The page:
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An opportunity not taken…yet: U.S. labor and the current economic crisis

Abstract

The United States is undergoing what in many ways is its most profound economic crisis since the Great Depression of the 1930s. The Great Recession, as it is popularly called, is having a devastating impact on U.S. workers. In this context, U.S. unions, workers’ most important advocates, have been vociferous in calling for financial reform, job creation, and other strong policy measures. However, whereas the Great Depression in the United States saw labor engaged in dramatic mass mobilizations, large-scale militant actions, and a powerful role in promoting policy changes, the current economic slump the U.S. labor movement has accomplished none of these things. At first glance, this absence may seem surprising. However, I will argue, expanding on an earlier analysis by Milkman (2010) that in fact, it is a relatively unsurprising outcome of both long-term historical trends and shorter-term conjunctural factors.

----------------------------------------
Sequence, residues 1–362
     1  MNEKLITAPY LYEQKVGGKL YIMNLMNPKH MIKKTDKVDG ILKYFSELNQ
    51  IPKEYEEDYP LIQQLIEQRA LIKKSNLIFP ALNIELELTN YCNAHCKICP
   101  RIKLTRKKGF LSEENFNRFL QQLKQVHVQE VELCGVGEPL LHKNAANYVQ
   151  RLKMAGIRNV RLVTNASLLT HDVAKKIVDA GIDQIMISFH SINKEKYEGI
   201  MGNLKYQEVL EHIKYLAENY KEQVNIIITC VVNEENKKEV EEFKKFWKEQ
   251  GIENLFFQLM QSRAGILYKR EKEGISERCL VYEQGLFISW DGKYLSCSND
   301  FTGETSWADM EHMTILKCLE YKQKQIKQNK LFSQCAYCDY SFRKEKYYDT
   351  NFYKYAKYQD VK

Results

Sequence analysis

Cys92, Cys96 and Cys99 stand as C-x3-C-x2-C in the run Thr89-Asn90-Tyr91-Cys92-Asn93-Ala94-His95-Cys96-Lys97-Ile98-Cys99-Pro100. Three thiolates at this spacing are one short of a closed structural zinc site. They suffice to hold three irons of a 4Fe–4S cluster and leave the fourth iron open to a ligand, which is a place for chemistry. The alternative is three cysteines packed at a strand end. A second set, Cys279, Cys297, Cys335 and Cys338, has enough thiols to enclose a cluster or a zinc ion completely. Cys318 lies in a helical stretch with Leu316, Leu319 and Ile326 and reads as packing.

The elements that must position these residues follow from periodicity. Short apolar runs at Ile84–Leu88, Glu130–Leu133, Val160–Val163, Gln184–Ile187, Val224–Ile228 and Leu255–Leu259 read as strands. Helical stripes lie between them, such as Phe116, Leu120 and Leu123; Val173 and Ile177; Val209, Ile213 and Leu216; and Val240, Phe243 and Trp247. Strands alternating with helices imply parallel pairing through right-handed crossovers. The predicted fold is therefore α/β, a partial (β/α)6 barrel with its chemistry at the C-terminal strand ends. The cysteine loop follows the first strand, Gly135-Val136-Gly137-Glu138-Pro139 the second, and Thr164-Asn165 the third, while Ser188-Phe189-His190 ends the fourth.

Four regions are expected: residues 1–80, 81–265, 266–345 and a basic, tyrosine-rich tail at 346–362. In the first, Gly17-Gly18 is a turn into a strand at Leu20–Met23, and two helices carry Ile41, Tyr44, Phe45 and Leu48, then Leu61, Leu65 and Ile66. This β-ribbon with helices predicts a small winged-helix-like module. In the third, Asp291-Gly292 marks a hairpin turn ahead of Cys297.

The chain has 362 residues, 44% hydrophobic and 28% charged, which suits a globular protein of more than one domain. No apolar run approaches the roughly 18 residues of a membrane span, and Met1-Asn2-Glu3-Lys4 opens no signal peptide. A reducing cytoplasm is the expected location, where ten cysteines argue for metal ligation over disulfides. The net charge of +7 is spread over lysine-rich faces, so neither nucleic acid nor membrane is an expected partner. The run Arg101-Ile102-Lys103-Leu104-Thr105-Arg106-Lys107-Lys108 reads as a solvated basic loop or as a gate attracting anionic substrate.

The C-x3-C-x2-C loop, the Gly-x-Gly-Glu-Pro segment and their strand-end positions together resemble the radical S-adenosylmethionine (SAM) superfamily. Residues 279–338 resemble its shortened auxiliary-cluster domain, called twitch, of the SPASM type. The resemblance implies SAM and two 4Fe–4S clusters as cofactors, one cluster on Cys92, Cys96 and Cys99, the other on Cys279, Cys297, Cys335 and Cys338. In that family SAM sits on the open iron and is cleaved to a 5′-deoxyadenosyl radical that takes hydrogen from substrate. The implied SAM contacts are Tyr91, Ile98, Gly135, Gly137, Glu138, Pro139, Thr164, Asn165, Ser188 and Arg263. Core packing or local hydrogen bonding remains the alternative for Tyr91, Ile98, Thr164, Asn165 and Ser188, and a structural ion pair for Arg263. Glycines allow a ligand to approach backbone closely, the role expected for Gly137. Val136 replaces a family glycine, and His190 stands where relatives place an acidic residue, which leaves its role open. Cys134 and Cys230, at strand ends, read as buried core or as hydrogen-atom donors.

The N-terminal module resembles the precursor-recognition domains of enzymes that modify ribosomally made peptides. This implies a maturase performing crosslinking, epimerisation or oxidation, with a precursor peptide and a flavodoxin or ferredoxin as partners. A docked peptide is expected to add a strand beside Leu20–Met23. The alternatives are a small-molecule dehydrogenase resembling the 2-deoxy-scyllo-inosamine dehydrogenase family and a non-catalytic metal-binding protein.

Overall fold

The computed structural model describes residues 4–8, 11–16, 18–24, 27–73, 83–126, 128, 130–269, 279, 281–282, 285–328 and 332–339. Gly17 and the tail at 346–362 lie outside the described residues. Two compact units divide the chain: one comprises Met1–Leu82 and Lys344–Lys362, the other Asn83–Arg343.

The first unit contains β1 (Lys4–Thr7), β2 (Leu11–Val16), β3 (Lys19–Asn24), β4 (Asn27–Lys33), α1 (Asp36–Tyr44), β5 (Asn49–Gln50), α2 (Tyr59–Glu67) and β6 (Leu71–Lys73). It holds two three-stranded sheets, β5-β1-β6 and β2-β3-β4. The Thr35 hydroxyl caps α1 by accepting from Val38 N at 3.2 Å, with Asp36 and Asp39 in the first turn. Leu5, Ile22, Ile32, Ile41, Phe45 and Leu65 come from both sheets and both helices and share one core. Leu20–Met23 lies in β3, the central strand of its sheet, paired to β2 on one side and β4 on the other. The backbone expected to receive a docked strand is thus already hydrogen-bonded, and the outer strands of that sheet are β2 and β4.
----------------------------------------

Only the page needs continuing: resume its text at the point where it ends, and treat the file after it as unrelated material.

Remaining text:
The paper makes this case in four sections. First, I briefly summarize the impact of the crisis on U.S. workers. Second, I describe the response of U.S. unions to the Great Recession, drawing extensively on online searches to document my findings. Third, I discuss the long-term and short-term reasons for the very limited nature of that response. In closing, I explore some alternative paths that may indeed lead U.S. labor to mount a more vigorous response in the months and years to come.

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